"The Europeans are creating a clear connection between diplomatic relations and economic ones (and) in this context, it is important to note that Europe is Israel's main trading partner".

This deterioration is reflected, among other things, "in independent French activity, including at the UN Security Council, and in the heightening of negative signals sent to Israel."

Also at stake is a decline in security imports and supply of replacement parts to Israel - something that would primarily affect Israeli defense. In recent years, Britain, Belgium and Spain have halted shipments of weapons to Israel, citing concerns that the arms would be used in violation of international law. Leading banks and investment and pension funds in Denmark, Norway, Ireland and the Netherlands have decided to halt cooperation with financial institutions in Israel that operate in the territories, and to stop investing in Israel.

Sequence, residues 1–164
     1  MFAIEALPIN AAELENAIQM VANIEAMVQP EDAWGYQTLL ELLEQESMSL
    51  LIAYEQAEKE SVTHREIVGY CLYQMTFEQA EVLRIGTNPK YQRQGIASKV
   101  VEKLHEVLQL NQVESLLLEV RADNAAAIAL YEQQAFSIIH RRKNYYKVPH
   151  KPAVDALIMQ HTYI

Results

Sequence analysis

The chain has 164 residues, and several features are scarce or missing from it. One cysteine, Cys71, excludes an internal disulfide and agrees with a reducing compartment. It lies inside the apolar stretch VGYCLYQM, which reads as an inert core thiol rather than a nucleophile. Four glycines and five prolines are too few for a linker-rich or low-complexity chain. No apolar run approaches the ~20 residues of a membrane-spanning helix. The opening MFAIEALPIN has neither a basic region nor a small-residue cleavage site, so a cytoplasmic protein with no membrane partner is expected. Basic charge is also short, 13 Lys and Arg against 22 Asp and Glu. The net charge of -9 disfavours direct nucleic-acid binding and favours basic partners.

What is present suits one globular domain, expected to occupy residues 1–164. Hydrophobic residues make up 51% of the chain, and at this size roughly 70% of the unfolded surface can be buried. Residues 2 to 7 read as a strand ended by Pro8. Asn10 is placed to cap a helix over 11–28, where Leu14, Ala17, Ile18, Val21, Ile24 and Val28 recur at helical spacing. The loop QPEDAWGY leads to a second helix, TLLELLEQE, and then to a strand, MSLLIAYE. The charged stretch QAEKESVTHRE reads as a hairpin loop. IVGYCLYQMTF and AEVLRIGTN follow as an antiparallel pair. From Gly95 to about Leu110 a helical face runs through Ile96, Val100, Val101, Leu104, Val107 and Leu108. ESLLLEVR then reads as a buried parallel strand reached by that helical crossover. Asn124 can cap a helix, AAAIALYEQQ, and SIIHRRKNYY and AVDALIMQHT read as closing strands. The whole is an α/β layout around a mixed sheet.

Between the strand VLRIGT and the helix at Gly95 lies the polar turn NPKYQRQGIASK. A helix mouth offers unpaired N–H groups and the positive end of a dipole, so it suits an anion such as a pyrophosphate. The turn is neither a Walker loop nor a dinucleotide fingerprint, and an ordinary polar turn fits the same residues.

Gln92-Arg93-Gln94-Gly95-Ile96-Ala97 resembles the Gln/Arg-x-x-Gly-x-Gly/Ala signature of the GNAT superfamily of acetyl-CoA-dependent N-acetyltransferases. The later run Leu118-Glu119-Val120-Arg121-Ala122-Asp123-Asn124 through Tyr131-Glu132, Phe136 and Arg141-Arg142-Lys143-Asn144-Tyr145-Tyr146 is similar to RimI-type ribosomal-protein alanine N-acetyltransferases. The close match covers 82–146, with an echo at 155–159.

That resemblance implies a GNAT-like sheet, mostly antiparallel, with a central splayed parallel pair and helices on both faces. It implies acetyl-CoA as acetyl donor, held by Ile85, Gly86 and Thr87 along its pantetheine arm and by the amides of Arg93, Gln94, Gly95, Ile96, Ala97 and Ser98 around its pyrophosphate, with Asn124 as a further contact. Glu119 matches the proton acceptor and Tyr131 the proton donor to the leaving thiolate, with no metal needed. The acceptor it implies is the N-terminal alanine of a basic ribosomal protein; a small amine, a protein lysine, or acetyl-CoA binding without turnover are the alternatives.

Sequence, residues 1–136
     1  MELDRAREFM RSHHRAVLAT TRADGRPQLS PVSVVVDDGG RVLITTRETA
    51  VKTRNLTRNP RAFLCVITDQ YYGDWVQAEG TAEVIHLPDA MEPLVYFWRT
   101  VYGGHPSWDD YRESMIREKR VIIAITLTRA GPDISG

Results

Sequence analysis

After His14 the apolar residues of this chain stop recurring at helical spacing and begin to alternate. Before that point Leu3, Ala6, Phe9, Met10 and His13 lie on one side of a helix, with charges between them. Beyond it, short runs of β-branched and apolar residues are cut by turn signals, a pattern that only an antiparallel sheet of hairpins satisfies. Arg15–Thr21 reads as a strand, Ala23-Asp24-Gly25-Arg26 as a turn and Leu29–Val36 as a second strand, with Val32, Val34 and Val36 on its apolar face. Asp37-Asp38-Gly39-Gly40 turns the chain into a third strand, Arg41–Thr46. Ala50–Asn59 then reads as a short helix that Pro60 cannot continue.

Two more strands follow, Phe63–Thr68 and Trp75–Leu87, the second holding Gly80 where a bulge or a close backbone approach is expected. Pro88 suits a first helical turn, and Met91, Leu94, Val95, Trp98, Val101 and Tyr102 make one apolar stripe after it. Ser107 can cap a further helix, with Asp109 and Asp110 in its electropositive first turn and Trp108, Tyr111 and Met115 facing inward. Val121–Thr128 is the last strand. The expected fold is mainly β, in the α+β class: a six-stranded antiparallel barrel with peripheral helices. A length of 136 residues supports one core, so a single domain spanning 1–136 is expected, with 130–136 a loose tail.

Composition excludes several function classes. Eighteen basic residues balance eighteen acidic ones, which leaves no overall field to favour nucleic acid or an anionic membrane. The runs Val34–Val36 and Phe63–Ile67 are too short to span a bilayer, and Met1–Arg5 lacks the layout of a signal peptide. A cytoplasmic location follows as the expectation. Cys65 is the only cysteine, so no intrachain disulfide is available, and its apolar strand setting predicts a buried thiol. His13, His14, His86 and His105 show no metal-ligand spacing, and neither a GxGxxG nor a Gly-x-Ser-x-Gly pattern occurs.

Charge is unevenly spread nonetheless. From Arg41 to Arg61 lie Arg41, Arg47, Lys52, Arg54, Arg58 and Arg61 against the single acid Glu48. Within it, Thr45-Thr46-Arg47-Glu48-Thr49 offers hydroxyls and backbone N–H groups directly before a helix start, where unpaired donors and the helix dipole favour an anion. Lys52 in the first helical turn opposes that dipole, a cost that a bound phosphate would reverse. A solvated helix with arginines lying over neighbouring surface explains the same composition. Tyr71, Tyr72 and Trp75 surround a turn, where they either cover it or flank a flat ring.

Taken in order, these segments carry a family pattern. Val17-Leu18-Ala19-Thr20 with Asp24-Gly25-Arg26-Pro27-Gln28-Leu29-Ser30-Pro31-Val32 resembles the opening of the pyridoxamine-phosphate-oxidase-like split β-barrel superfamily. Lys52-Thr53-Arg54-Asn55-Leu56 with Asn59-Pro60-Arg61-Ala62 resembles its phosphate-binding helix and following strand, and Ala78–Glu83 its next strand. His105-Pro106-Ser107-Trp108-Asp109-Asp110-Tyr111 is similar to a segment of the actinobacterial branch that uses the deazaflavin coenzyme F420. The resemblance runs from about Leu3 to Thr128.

The classified document warns that "American influence is successful, at present, in delaying practical decisions until after the elections in Israel. But in the wake of the systematic Palestinian policy to move the conflict to the UN arena, there's no guarantee the US will continue using its veto rights after elections."

Good News for Israeli High-tech and Bio-tech Companies

End-of-year reports show 52 Israeli companies were acquired for some $15 billion, nearly double 2013′s exits worth $7.6 billion.

18 IPOs racked up $9.8 billion.